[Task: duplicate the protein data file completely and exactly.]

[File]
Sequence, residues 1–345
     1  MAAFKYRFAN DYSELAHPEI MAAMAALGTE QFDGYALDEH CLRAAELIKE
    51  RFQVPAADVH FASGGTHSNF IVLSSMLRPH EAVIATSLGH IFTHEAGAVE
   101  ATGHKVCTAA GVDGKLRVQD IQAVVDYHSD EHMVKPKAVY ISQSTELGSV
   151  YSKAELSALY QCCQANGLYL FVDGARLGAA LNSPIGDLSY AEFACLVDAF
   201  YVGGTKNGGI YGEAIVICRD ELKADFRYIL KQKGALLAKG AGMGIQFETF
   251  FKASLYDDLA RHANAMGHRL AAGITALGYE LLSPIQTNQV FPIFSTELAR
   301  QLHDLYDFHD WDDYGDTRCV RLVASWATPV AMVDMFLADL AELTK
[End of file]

Sequence, residues 1–345
     1  MAAFKYRFAN DYSELAHPEI MAAMAALGTE QFDGYALDEH CLRAAELIKE
    51  RFQVPAADVH FASGGTHSNF IVLSSMLRPH EAVIATSLGH IFTHEAGAVE
   101  ATGHKVCTAA GVDGKLRVQD IQAVVDYHSD EHMVKPKAVY ISQSTELGSV
   151  YSKAELSALY QCCQANGLYL FVDGARLGAA LNSPIGDLSY AEFACLVDAF
   201  YVGGTKNGGI YGEAIVICRD ELKADFRYIL KQKGALLAKG AGMGIQFETF
   251  FKASLYDDLA RHANAMGHRL AAGITALGYE LLSPIQTNQV FPIFSTELAR
   301  QLHDLYDFHD WDDYGDTRCV RLVASWATPV AMVDMFLADL AELTK